Once-upon-a-time, there was a story trending on Twitter: an evangelical pastor attends his first Pride parade and holds up a sandwich board in favour of Lesbian, Gay, Bisexual, Transgender and Queer (LGBTQ) equality and rights.
The story can be read, here.
When a pastor aligns him or herself with a sandwich board that says, “As a Christian I AM SORRY for the narrow-minded, judgmental, deceptive, manipulative actions of those who denied rights & equality to so many IN THE NAME OF GOD,” they might feel they are doing a good thing; not suspecting that they are in danger of offending people — offences based possibly in assumption, probably because of the context. The distance between fact and fiction is sometimes just a bare thread apart.
Who is the pastor pointing the bone at? We might presume Christians. But it’s not only Christians who have apparently been “narrow-minded, judgmental, deceptive and manipulative.” As a Christian, he deplores narrow-minded, judgmental, deceptive and manipulative behaviour. As a human being, too. Anytime most of us see narrow-minded, judgmental, deceptive and manipulative behaviour we are enraged from within.
Let’s look at this statement further. It abhors the “actions of those who denied rights & equality.” There is no question that human rights have been infracted trillions of times over the history of humanity. Human rights are inherent to all human beings, whatever our status. We are all equally entitled to our human rights without discrimination. These rights are all interrelated, interdependent and indivisible. It is easy to think that this portion of the statement, or the whole statement, is directed at the church, in sympathy to the LBGTQ people (in this case). But perhaps it isn’t. Given that it’s a pastor holding the sandwich board, we could assume both — and that he just detests the very thought that discrimination of any sort takes place or has taken place. Given that he’s at a Pride parade leads us to make an assumption, but which assumption will we choose? — There is more than one possibility. Try reading the sandwich board from the angle of discrimination in any sphere; the wording does appear to hold up for any situation.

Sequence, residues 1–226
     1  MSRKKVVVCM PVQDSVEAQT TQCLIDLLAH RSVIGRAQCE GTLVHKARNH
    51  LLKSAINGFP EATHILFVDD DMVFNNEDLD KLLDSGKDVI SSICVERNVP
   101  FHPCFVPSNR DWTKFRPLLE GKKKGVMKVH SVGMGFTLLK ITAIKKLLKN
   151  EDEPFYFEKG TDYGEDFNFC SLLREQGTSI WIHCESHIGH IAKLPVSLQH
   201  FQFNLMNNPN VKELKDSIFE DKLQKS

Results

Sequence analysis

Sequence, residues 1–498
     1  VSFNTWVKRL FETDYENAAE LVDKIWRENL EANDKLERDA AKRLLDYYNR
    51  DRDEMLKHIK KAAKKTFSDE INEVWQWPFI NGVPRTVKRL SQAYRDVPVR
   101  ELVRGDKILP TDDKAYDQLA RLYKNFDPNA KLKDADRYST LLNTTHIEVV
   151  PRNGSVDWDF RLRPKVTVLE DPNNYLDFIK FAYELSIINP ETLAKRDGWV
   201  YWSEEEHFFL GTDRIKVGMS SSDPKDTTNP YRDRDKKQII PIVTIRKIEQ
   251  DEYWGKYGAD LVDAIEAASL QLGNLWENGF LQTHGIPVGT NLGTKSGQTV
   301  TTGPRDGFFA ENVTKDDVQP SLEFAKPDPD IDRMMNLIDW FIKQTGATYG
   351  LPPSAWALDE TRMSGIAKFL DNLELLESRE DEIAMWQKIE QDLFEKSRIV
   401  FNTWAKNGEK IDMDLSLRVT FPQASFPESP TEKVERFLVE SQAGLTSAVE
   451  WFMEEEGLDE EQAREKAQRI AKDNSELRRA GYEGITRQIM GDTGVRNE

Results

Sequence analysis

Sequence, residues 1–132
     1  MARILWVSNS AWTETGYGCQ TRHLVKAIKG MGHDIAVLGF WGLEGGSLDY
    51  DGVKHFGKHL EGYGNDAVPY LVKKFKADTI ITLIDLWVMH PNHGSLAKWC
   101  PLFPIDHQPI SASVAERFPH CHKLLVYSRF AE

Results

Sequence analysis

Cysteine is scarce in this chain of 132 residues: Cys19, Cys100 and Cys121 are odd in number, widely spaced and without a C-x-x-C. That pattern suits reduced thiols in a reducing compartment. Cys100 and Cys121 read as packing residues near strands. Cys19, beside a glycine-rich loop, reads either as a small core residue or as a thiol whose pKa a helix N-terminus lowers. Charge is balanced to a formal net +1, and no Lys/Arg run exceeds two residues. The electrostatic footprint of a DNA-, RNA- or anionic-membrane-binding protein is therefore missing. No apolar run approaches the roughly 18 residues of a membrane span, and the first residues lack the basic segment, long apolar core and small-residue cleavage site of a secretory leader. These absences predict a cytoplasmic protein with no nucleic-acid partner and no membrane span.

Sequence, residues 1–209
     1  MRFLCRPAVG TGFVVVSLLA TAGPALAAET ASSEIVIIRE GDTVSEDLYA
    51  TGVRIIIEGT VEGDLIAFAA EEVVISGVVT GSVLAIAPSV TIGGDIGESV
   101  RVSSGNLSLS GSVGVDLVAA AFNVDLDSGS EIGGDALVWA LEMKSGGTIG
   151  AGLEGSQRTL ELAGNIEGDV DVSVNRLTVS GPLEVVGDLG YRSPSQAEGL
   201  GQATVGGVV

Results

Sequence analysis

“Equality” is a potent principle that is worth fleshing out in every arena of life. Everyone deserves a fair go at life; to live without fear, to be loved, and to have the opportunity to love. Without fear.
The people who will disparage the rights of others will do so in “narrow-minded, judgmental, deceptive, manipulative” ways. Yet, we are all narrow-minded, judgmental, deceptive and manipulative on our worst days — most times when we think we are at our best.
The final part of the sandwich board states “IN THE NAME OF GOD.” There are clearly many times when people have done abhorrent things IN THE NAME OF GOD. It is easy to make the assumption that this is pointed at Christians when perhaps it isn’t — though it would be naïve to suggest this isn’t pointed at some parts of the church (e.g. Westboro). Or, perhaps it’s pointed at those who call themselves “Christian” yet are still hate-filled; there are still the strains of hurt deep within them that they haven’t yet been healed of. They ought to spend their energy of hate more worthily, take an honest look within, and receive Christ’s compassion for themselves.
We need compassion for those who have not yet approached within themselves the liberating truth of their sinfulness. When we live in the light of such truth we know we are hardly qualified to judge others. We know we deceive ourselves and need to be on guard against deceiving others. We know we are capable of manipulation. And we know just how narrow-minded we can be because of the assumptions we so easily make. Those who are narrow-minded, judgmental, deceptive and manipulative deserve our compassion.
We can say we are sorry for the sins people have suffered. Well done, pastor.
It is too easy to make assumptions. We make them when there is precious little information for our minds to feed on; when our hearts are hungry for truth.
© 2015 Steve Wickham.
Image Credit to Hel Bel.